@ OMMA: Isobar CEO Nigel Morris To Ad Industry: This Is Not The Time Of Mad Men


imageThis is not the time of Mad Men. It’s been a grueling week in the financial world. After a day of rah-rah messages about the resiliency of the business, Isobar CEO Nigel Morris’ keynote speech kicking off day two of the OMMA Platform Wars served as a bracer. He delivered a half-hour jeremiad, picking up from Spark Capital’s Dennis Miller’s comments about the ad industry yesterday here as mired in laziness and hypocrisy. “The days of the [AMC cable show] Mad Men were about creativity and innovation. Ever since 1980, the advisory role of the industry has declined. Madison Ave. has failed to respond to the challenges of digital. When confronted with new opportunities, Mad Ave. say, ‘Oh my God, that’s going to be a lot of work. The digital side hasn’t helped too much. The new nomenclature has confused clients.”

Don’t blame it on Google: “Google (NSDQ: GOOG) has innovated and the ad industry hasn’t. That’s why we’re looking down the barrel of a gun. The financial industry shaped the culture of the past decade. The ad industry hasn’t. There are enough people thinking that it may be shaping up to be another 1929. And we need to change.”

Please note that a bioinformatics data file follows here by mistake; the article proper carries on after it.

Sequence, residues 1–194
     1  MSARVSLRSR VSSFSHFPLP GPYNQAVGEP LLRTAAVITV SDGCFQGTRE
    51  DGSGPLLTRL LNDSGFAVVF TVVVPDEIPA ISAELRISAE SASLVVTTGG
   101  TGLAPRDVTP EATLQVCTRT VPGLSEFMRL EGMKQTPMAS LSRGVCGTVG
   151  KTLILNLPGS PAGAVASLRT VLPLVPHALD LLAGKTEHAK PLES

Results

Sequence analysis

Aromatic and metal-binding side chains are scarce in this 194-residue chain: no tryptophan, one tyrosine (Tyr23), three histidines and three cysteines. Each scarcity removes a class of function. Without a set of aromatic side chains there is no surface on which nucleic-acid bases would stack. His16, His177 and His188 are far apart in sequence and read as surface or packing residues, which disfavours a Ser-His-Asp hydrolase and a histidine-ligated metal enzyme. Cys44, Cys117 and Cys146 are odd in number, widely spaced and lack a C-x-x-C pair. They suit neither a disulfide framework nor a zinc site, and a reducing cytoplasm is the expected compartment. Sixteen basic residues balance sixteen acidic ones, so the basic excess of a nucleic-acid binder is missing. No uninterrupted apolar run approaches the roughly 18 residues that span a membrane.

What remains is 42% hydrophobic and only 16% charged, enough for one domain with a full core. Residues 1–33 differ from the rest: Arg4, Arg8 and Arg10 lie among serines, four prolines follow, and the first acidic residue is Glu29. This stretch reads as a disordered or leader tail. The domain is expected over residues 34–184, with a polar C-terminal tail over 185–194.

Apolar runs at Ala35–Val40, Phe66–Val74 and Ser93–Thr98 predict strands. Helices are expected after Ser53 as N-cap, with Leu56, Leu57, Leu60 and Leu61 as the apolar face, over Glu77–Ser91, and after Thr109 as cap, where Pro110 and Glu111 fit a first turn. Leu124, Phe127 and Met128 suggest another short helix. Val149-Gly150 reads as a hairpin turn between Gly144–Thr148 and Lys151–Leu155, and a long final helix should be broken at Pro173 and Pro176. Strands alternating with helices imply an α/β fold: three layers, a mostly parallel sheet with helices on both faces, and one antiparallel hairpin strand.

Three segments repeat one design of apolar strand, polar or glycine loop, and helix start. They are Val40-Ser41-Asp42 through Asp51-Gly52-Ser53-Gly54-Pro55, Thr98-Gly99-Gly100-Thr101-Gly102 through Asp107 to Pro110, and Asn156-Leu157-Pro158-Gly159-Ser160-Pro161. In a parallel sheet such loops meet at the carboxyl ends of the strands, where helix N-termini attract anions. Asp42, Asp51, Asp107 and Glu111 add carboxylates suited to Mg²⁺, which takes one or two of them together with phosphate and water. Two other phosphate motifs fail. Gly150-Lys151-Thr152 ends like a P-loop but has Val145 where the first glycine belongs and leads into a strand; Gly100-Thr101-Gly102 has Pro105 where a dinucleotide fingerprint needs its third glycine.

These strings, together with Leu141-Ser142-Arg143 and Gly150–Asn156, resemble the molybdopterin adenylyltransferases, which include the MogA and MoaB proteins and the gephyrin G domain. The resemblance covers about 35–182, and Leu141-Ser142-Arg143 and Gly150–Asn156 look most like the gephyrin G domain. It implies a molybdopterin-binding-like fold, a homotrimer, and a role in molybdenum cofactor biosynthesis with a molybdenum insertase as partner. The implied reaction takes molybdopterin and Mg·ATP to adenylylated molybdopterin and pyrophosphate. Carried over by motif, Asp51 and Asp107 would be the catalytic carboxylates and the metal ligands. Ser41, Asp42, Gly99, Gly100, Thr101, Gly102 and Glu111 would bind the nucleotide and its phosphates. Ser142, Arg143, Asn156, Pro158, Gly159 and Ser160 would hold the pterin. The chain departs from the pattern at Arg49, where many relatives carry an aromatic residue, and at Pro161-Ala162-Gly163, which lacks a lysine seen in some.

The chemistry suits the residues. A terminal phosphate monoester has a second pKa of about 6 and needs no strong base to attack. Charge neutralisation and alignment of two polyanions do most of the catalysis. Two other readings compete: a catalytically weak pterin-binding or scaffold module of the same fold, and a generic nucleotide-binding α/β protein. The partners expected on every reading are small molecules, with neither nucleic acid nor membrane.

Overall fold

Macro trends: Here’s what I see happening to business. The interconnectedness, atomization of the world has brought opportunities . We’re seeing ‘the rise of free.’ It creates an enormous opportunity for advertising to fill. It doesn’t matter if you’re WPP or one of the other major companies. We are need more people to help meet those opportunities.”

The mission of marketers: “Brands have to look at themselves as offering a service to consumers. What you do as a brand is going to be more important than what you say. In the world of Mad Men, the brands were the ones that told the stories about themselves. In this world, the best brands let the consumers tell the stories — and they talk back. The online side of the industry understands behavior. The offline side has never had a clue, but they’ve understood consumers’ motivations. The online side hasn’t understood that. Bringing both sides together is essential. We have to move from campaign-based thinking to continuous conversation with the consumer. “

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